Richmond, February 21
.--We announced in our yesterday's issue that forty of the employees in the government workshops had, on Tuesday last, refused to take the oath of allegiance, and we should have published their names but for a positive order to the contrary, given by Gen. Winder
to the gentlemen at the artillery works who has the list of the recusants in possession.
Yet, though these names are kept secret, the fact that so large a number of traitors have been hitherto employed in those important departments, the laboratory and the artillery works, has given rise to much angry excitement and indignant comment.
Men re-collected yesterday, and compared notes, of rumors which have from time to time come to us, regarding the quality of the ammunition furnished by this city to our army on the Potomac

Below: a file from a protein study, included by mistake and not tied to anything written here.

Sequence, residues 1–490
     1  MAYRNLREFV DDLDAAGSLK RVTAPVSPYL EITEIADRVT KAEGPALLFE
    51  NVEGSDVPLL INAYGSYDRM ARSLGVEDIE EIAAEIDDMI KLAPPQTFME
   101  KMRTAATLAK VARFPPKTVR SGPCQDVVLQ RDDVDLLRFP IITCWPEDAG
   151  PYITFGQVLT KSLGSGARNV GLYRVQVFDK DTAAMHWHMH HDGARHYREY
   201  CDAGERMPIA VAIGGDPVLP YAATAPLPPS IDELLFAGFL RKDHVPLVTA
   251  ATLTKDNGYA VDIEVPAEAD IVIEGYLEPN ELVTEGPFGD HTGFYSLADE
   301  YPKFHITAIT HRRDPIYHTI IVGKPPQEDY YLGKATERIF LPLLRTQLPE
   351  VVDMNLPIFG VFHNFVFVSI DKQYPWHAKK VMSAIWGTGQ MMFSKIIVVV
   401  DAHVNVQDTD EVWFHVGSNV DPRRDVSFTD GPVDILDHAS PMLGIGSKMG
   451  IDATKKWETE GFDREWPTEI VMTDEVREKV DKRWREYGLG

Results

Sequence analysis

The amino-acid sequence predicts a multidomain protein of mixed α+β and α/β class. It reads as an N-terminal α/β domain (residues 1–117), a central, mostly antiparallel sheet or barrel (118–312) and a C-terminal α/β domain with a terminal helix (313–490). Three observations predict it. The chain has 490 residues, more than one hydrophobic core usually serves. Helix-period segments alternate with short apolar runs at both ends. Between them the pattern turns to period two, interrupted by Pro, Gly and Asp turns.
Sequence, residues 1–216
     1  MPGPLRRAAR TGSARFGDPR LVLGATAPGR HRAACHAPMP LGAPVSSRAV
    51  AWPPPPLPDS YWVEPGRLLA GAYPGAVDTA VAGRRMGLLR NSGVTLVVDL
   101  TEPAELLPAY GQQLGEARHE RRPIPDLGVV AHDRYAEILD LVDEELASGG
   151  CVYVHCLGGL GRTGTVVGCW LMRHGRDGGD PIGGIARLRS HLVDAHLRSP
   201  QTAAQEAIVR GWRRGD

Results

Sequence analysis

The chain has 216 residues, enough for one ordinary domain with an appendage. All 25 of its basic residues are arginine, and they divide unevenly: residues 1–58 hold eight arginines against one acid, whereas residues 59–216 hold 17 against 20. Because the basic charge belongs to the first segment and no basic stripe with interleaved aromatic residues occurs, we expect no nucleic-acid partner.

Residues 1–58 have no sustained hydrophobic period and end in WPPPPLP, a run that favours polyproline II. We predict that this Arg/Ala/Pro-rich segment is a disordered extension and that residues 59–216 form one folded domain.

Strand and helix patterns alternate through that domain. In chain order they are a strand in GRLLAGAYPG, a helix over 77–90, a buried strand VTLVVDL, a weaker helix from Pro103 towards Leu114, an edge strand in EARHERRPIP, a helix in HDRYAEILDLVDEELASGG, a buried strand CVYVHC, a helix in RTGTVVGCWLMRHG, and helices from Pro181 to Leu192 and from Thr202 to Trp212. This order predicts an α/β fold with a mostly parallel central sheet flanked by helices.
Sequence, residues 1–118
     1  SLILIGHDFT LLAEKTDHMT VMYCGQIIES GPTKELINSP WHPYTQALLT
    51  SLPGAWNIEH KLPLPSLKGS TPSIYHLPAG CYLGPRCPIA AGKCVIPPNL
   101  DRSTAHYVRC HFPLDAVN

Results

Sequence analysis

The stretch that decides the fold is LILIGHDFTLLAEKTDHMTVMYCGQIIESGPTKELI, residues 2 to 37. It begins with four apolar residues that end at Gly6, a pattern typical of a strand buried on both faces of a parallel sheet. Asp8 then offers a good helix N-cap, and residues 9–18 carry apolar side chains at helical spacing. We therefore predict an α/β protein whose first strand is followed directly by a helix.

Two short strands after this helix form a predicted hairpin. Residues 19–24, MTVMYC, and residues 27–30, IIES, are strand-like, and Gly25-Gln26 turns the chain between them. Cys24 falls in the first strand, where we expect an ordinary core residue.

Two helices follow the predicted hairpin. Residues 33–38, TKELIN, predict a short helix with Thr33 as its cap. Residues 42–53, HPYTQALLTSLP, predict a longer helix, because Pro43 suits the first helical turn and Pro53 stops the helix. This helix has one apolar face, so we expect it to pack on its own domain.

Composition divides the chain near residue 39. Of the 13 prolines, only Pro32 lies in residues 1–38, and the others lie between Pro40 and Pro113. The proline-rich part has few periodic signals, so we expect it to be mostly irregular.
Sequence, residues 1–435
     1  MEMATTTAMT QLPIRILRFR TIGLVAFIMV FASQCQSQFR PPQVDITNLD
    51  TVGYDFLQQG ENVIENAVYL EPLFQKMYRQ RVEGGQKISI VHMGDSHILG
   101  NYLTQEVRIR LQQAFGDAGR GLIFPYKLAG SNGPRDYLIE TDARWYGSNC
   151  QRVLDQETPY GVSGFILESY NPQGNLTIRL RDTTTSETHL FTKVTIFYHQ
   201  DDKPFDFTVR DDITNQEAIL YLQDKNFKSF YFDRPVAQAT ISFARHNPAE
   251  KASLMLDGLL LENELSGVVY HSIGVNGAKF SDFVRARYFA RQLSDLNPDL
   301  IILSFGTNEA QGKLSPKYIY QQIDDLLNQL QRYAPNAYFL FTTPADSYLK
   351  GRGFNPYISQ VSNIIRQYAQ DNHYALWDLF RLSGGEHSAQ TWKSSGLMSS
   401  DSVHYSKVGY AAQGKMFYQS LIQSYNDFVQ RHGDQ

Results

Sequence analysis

It has been told here, and never contradicted, that the Richmond
fixed ammunition was so mean, and even dangerous, that the Washington Artillery refused to use it after the first experiment--one of the shells, designed to be thrown half a mile, having exploded within ten feet of the gun. A shell is also said actually to have exploded before leaving the barrel of a cannon of the Pendleton artillery.
And, further, it is said that not one in ten of the Richmond
shells exploded at all, so defective are the fuses.
Since the discovery of this large party of our enemies in our midst, our people think they perceive already explanation of the complaints of the artillery corps in the field.
Richmond Examiner, Feb. 21.